New map from the National Parks and Wildlife Service SA (also at: https://www.parks.sa.gov.au/park-management/aldinga-conservation-park)
to: [email protected]
date: 22 Nov 2021
subject: Recommendation that Sandalwood be added to the priority flora list
Dear WA TSSC,
Just in case the process has not been initiated, may I please recommend that Sandalwood be added to the priority flora list?
The basis for this recommendation comes from the attached correspondence between myself and the Chair of the WA TSSC.
The same letter was also sent to the Shadow Minister for the Environment and Water, the Hon Susan Close MP.
The Hon David Speirs MP
Minister for Environment and Water
GPO BOX 1047
ADELAIDE SA 5001
Re: State election commitments on Air Quality Monitoring
I write to you as a former Senior Policy Adviser to the Federal Member for Mayo, Rebekha Sharkie MP, with a keen interest in the environment and public health.
I note that there are currently no Air Quality Monitoring sites in the Adelaide metropolitan area north or north-east of the Air Quality Monitoring site at Northfield, leaving large communities in the northern and north-eastern suburbs – including the marginal electorates of Wright and King, and to a lesser extent, Newland – without access to air quality data. Based on 2016 Census data, this area accounts for at approximately 348,000 people, which is over 26% of the 2016 population of metropolitan Adelaide. Unfortunately, climate change is set to increase the prevalence and impact of bushfires and smoke, leading to an increase in community air quality concerns.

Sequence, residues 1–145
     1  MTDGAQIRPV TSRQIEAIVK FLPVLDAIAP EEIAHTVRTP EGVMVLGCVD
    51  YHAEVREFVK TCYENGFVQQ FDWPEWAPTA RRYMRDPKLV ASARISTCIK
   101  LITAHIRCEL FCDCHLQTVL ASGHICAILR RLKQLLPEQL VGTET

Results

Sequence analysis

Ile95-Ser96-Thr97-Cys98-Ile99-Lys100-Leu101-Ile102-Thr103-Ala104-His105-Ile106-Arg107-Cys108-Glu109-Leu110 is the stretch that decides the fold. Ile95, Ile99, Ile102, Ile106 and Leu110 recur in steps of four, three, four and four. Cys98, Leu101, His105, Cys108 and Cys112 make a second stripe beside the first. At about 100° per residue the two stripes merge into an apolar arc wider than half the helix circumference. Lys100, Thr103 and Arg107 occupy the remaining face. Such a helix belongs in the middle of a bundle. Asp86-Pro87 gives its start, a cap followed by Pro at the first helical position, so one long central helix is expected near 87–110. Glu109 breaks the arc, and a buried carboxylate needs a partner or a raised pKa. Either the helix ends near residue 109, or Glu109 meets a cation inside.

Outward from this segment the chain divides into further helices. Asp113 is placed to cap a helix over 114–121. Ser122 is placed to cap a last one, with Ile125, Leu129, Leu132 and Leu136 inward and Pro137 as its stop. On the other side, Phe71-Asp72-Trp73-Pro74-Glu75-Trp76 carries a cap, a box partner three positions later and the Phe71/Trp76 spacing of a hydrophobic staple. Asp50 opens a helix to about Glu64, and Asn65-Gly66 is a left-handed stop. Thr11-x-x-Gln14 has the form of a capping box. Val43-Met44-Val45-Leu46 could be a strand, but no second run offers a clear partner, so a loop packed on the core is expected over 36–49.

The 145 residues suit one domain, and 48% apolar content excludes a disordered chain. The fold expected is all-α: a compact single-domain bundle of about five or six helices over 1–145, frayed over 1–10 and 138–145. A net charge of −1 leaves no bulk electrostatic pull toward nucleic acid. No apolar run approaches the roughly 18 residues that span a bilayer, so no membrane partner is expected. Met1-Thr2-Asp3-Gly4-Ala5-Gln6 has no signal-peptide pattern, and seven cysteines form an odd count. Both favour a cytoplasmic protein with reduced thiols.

Air quality data is particularly valuable to vulnerable groups, such as the young, the elderly, and people with respiratory problems who can face life-threatening consequences from poor quality air. For example, an estimated 11% of the population have asthma, meaning there are an estimated more than 38,000 asthmatics within the north/north-eastern metropolitan Adelaide area, let alone other vulnerable groups.
Will your party commit to establishing an Air Quality Monitoring site in an appropriate location in the northern/north-eastern suburbs of Adelaide?
Further, will your party commit to this site measuring NO2, PM10 (1 hour), PM10 (24 hours), and O3 (1 hour) and O3 (4 hours), noting that this would simply mirror the monitoring undertaken at the southernmost metropolitan Adelaide monitoring site at Christies Beach?
12 / 11 / 2021
 137,979 people in the City of Salisbury; 23,034 in the Town of Gawler; 97,734 in City of Tea Tree Gully; 89,372 in the City of Playford; see: https://www.abs.gov.au/websitedbs/D3310114.nsf/Home/2016%20QuickStats
 1,295,714 people as of the 2016 Census in the Greater Adelaide, Greater Capital City Statistical Area; see: https://quickstats.censusdata.abs.gov.au/census_services/getproduct/census/2016/quickstat/4GADE?opendocument
Thank you for your letter of 15 October, address to me as Chair of the Western Australian Threatened Species Scientific Committee at the Department of Biodiversity, Conservation and Attractions. The Department forwarded your letter to me.